December 6, 2001

ZAMBIA: Tension before elections

Zambian human rights and church groups on Thursday, December 6, questioned the legitimacy of presidential elections, saying the timing of the poll date would disenfranchise many voters. Zambia goes to the polls on December 27, two days after Christmas, to elect a new president, parliament and civic leaders. But in a statement issued in Lusaka, the umbrella Oasis Forum - made up of lawyers, Non-Governmental Organisations and churches - sharply criticised the poll date, which will come at the height of the festivity and rainy season. President Frederick Chiluba will step down at the end of his second and final five-year term after the polls. „The holding of the elections at the height of the rainy season when roads are generally impassable and most rural areas are inaccessible will impact negatively on the voter turnout,“ Oasis Forum said. „Holding elections when most students are on Christmas recess, away from the centres where they had registered as voters is most inappropriate,“ it said.

Meanwhile opposition politicians criticised the ruling Movement for Multiparty Democracy (MMD) party for increasing underhand measures and promoting violence to stick to power. Former minister Michael Sata, now leader of the opposition Patriotic Front, reported MMD cadres had attacked his supporters with machetes and clubs in the capital Lusaka and the copperbelt cities of Ndola and Kitwe, wounding scores. Edith Nawakwi, another minister, now vice president of the main opposition Forum for Democracy and Development (FDD), also reported violence against FDD youths in Lusaka and the eastern towns of Chipata and Petauke, considered FDD strongholds. In the beginning of December, the government denied landing rights for a chartered plane carrying FDD president Christon Tembo to the northern town of Mbala, on the Tanzania border, where he had gone to campaign.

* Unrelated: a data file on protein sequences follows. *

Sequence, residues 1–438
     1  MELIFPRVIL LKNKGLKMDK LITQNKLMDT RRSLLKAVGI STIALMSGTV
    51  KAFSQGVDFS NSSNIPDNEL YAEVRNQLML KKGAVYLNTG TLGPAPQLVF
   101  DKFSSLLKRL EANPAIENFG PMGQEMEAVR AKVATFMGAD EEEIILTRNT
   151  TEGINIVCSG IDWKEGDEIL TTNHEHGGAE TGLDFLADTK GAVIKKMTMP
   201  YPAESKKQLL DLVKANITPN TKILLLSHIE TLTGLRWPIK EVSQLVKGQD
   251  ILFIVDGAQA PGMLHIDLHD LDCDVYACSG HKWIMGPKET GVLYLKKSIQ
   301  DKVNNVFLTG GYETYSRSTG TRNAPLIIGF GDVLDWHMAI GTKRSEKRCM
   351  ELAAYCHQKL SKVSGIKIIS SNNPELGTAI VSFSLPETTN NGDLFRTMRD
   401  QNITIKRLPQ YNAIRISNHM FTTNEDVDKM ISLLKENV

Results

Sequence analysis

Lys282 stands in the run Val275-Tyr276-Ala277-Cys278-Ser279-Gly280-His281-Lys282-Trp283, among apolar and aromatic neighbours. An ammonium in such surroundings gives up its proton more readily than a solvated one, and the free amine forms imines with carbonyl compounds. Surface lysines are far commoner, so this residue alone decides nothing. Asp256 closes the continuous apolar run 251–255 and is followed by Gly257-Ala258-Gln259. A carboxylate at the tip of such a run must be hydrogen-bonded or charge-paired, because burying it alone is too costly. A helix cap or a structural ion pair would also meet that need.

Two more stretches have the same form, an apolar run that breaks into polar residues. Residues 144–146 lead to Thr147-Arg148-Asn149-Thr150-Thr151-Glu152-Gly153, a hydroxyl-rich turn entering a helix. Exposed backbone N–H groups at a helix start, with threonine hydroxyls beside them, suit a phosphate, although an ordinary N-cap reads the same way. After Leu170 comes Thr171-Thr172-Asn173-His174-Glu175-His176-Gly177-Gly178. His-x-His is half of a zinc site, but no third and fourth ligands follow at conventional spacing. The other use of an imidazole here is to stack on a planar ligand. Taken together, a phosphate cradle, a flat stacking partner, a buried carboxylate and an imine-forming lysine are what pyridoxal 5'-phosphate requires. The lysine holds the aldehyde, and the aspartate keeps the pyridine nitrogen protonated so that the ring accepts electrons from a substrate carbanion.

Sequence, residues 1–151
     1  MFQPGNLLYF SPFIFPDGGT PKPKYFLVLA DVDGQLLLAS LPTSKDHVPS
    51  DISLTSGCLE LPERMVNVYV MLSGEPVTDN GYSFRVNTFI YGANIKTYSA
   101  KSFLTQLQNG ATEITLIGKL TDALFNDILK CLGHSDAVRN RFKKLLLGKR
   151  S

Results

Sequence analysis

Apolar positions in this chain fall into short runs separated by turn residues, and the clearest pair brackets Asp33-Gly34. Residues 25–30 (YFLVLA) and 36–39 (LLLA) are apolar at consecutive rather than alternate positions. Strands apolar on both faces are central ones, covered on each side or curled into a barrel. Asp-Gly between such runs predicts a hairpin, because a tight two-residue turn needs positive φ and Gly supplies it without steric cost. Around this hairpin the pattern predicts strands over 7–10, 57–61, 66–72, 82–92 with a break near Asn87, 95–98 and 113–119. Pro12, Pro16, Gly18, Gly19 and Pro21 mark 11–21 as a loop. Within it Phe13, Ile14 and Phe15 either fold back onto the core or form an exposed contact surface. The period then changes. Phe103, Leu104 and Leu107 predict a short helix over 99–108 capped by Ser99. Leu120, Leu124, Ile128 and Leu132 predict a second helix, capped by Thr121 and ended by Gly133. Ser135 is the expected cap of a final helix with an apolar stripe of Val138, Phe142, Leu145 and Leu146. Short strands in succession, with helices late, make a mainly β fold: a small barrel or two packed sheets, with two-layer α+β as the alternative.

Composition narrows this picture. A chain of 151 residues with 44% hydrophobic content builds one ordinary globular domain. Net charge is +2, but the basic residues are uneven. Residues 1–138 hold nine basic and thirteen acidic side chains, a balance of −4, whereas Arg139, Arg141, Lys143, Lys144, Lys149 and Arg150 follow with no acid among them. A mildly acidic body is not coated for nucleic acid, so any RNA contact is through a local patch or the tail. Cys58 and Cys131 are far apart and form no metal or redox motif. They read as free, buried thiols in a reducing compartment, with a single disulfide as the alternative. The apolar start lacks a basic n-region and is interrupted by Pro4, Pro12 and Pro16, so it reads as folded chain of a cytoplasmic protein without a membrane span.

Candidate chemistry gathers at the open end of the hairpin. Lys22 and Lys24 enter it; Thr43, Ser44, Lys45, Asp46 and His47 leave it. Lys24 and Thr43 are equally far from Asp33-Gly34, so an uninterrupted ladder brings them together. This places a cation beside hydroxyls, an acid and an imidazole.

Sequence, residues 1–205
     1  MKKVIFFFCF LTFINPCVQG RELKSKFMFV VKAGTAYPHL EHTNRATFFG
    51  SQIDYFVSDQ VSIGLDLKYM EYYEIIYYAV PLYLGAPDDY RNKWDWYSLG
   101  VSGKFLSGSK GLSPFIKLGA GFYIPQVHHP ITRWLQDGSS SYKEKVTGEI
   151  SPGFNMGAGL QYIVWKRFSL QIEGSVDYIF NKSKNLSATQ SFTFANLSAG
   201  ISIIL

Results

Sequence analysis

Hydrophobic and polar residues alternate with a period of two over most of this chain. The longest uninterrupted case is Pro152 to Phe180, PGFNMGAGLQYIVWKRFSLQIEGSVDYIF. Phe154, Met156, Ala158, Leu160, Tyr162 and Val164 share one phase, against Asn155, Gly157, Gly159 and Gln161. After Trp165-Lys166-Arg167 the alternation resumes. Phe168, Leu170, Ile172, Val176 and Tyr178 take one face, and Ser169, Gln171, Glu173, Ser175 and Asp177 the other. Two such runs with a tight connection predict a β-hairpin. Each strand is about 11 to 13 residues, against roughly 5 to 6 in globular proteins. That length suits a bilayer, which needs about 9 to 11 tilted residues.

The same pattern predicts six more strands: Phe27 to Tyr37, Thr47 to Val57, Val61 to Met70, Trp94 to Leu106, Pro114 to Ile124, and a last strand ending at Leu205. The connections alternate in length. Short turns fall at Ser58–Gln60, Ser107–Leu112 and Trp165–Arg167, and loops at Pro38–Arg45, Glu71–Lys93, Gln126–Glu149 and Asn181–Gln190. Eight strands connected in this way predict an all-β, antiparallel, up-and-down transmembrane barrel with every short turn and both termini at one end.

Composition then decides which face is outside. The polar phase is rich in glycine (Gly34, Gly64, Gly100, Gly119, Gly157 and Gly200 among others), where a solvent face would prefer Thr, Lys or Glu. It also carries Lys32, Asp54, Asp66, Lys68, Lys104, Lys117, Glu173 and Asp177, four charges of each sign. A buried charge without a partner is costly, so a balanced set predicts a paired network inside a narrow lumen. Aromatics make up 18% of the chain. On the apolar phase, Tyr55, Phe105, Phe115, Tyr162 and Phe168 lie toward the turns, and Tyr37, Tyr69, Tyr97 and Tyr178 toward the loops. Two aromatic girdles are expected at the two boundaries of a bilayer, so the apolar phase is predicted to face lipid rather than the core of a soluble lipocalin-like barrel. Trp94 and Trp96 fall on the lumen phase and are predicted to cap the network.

A Police spokesman admitted that low-scale violence was rising and urged calm. It was Tembo who, as vice president, led a cabinet revolt against Chiluba's plans to stay in office beyond his constitutional limit of 10 years. Chiluba capitulated but sacked Tembo and a dozen other ministers who opposed him. Tembo and Chiluba's candidate Levy Mwanawasa have emerged as frontrunners in Zambia's most open political contest since independence in 1964. A total of 11 candidates are vying for the presidency in the copper-based southern African nation. (NAMIBIAN)


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